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Pinnacle Foods on Automation in Supply Chain Quality

Helen Timothy
July 7, 2021

Case Study: Automated Food Safety Systems for Pinnacle

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Case Study: “Automated Food Safety Systems for Pinnacle”

Pinnacle Foods employs nearly 5,000 people and in 2018, was acquired by Conagra. The pairing of the two companies created the second-largest U.S. frozen food company. Our case study outlines how Pinnacle Foods is automating their document management and gaining supply chain insight. 

Read the Case Study

The senior manager of Food Safety and Quality for Pinnacle Foods Group spoke with SmartBrief, sharing tales from the quality assurance industry and the critical role she plays in it.


Karen Klansek has an expression she likes to use when it comes to human resources vs. automation in her role at Pinnacle Foods, “For so long as we require humans to do the work, we will manage humanity.”


While technology – and automation in particular – help make everyday life easier, Klansek believes human nature still plays a critical role, specifically in her behind-the-scenes world. For example, solid relationships and partnerships with others inside and outside the company create constructive business solutions. And there are many instances when these relationships allow us to move quickly in exceptional circumstances.


Klansek is an expert in QA and food safety and has more than 35 years of experience in the food and beverage manufacturing industry, working with big players such as Nestle, Coca-Cola, and PepsiCo. 


SB: What are the biggest challenges you face in quality assurance?

Klansek: Our company is very proud of maintaining SG&A [selling, general and administrative expense] of under 8%, which is roughly half the indirect headcount of any other food manufacturer, and yet we’re a world-class company. We have no fewer documentation or follow-up supplier performance requirements than any other company with twice the people supporting the activities.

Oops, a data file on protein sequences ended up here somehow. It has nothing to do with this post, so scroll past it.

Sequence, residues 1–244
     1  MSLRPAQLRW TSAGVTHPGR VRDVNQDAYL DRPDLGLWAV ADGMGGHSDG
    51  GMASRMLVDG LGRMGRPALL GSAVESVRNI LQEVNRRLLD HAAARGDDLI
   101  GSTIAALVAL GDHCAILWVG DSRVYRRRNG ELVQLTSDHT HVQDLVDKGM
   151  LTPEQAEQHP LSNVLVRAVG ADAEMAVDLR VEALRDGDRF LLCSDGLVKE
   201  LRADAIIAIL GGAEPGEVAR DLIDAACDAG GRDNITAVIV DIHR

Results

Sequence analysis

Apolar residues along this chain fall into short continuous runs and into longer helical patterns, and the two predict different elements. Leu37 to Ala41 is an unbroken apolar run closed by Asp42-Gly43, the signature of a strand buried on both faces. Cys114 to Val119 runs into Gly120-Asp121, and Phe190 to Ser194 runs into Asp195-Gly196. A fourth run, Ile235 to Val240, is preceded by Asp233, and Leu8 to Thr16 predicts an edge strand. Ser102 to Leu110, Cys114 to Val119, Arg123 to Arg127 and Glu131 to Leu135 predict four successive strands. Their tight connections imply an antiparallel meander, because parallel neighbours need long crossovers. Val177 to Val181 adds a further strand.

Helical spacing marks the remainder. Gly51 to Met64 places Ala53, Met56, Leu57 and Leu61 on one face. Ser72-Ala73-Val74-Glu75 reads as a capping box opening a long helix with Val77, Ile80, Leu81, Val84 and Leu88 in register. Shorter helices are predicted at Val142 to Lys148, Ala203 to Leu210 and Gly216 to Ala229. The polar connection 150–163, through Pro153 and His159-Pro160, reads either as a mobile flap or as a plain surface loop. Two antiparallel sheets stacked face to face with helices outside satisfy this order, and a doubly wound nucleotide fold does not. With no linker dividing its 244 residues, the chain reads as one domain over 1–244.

So, the main challenge is — and I hate the cliché — to work smarter and automate as much as we can in the routine activities for suppliers so we can adequately address development needs, and for approving alternate or replacement suppliers, to make sure we’ve always got not just a safety-oriented, but a quality-oriented, supply base.


We’re also a company that makes a lot of acquisitions, so we need to streamline documentation.


SB: Do you learn things about QA from these acquisitions?

Klansek: In the case of the Birds Eye acquisition, which preceded me, it was a massive shift, from shelf-stable product to shelf-stable and frozen. Pinnacle takes these iconic brands and makes them more productive. So, for example, we took Wish-Bone from a small-batch operation to a modern, barcode-assisted, allergens-separate-at-all-times type of operation. That’s how we breathe life back into the brand and make them profitable again.